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Village Board: Peace in the Neighborhood

PozinDan PozinThis Tuesday’s village board meeting was a far cry from December’s Freightway session, during which most residents rattled their pitchforks. In fact, the tone of the evening was harmonious, in light of last week’s announcement that the Freightway redevelopment has been halted. 

In his opening comments, Mayor Marc Samwick referenced the issue and stated, “The village board put a hold on the Freightway process for a number of reasons but, primarily, because we realized that many residents were uneasy with the idea of selecting a preferred developer when the initial proposals were considered out-of-touch with what is best for our community.” He continued, “The village board has shared many of the same concerns and neither proposal, as presented, was ever an option.  But (given the) concern (of) our neighbors, made worse with the spread of incomplete and, at times, inaccurate information, we decided the responsible action was to pause.”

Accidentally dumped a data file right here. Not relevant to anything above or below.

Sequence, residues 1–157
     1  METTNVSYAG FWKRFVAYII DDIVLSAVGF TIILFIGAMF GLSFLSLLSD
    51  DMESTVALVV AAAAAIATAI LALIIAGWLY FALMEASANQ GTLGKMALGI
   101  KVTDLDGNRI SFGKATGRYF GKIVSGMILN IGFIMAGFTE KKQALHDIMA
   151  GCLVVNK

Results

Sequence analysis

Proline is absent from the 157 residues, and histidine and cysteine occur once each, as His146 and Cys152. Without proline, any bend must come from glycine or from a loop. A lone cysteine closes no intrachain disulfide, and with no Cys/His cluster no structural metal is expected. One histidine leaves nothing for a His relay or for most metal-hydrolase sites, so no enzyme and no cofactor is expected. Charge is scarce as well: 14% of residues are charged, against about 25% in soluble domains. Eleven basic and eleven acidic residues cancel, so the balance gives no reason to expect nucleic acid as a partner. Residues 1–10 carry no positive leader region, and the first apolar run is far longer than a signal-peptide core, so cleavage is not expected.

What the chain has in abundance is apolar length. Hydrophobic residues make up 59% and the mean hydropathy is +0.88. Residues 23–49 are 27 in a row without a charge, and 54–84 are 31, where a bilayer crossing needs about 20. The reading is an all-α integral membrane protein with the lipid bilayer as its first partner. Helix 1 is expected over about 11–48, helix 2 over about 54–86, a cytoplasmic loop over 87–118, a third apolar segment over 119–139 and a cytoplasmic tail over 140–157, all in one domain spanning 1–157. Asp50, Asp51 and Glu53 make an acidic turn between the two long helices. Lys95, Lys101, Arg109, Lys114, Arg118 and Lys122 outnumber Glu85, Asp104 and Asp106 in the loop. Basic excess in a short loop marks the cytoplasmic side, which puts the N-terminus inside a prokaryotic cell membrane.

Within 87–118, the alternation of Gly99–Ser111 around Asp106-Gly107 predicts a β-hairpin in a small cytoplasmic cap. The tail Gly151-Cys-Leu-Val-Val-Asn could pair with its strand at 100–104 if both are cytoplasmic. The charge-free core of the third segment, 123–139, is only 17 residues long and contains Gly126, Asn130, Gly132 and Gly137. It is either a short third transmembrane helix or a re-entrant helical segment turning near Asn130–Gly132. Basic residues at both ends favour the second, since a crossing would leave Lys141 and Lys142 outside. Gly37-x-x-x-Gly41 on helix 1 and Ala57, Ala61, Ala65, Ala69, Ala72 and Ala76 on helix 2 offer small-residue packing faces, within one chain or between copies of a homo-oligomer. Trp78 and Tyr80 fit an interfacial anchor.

He then stated that repairing and eventually replacing the garage is a viable option, along with a “recalibrated” design, but any additional proposals that may shown to the public will include data on financial and school impacts. While he assured the public that no next steps are planned at this time, Mayor Samwick reiterated the board’s commitment to the public comment period and encouraged residents to continue providing feedback on potential plans for the site.

Problem Solved
The pleasantries continued, as Samwick introduced the new village attorney, Dan Pozin, who joins Scarsdale from McCarthy Fingar LLP, where he serves as a partner in the municipal law and land use group. Scarsdale retained McCarthy Fingar at the beginning of this month and Pozin has been working with village staff for two weeks. He is Scarsdale’s primary contact at the firm, supported by several attorneys with deep experience in municipal law.